So he did. Photopath was first realized on the scarred wooden floor of a friend’s apartment in Nottingham in 1967, then again at the Institute of Contemporary Arts, London in 1969 and at the Guggenheim in 1971. 

Though the piece was conceived as a kind of sculpture—or an anti-sculpture, perhaps—its impact, in retrospect, feels emphatically photographic. Like few artworks before it, Photopath exploited the medium’s uncanny ability to nestle in between image and object, illusion and idea. If the artwork doesn’t compel its viewers to consider these ideas intellectually, it at least makes one feel them through interaction. Do you treat it like a sculpture or a picture? Or is it not an artwork at all and instead just another stretch of floor? Do you step on Photopath’s prints or walk around them? 

“It is hard to imagine an act of photography more straightforward and uncompromising than Photopath,” writer and curator David Campany explained in his recent book on the artwork and its legacy, published last October by MACK.

“It aims to fulfill the basic potential of the medium, which is to copy and to put itself forward as a stand-in or substitute. Yet,” Campany went on, “in meeting this expectation so literally, it somehow estranges itself.”

Victor Burgin with Francette Pacteau photographing the brick floor at Kettle’s Yard, Cambridge, 1984. © Andrew Nairne / Kettle’s Yard, University of Cambridge. Courtesy of Victor Burgin and Cristin Tierney Gallery, New York.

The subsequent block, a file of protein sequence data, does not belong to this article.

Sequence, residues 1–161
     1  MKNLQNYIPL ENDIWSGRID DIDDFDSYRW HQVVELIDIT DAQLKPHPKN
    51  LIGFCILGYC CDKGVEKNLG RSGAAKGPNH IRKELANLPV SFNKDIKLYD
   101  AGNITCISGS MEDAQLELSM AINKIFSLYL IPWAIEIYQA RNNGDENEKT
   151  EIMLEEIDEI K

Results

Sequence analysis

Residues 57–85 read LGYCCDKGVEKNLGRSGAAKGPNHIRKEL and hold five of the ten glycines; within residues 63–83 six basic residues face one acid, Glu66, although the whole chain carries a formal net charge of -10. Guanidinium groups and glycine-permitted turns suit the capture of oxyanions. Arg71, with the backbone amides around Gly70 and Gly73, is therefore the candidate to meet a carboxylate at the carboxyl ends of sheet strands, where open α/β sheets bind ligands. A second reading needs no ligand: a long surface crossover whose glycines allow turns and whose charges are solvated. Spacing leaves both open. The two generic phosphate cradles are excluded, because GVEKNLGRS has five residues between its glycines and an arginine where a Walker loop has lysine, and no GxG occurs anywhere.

To date, Photopath has only been installed a handful of times, the most recent instance of which came in 2012 at the Art Institute of Chicago’s “Light Years: Conceptual Art and the Photograph, 1964-1977” exhibition, when it was laid upon the polished wood boards of the museum’s Renzo Piano-designed atrium. After the run of the show, Burgin’s prints were discarded, leaving a dark, ghostly silhouette on the sun-soaked floor. He had, in a sense, created another type of photograph.

“I thought, ‘That’s just perfect.’ It really returns [the artwork] to the origin of photography,” Burgin said, noting that the show felt like a fitting conclusion for the artwork. He thought that would be the final time Photopath would be shown.

But that changed last year when Campany approached the artist with the idea of writing his short book about the artwork—a piece of writing that blends analytic art theory and personal experience, often to lyrical effect. What Campany identified in Burgin’s artwork was a kind of foresight for how photographic technology is used today. 

David Campany, Victor Burgin’s Photopath, 2022. Courtesy of MACK.

“[J]ust as Vermeer had pursued an important technical development in the picturing of three-dimensional space, so too had Burgin anticipated aspects of representation that are just as pervasive: the replication of surfaces, and the uncertain space between images and their mental impressions. Fake leaves on plastic plants. Laminated tabletops imitating stone or wood. Synthetic clothing pretending to be denim or leather.”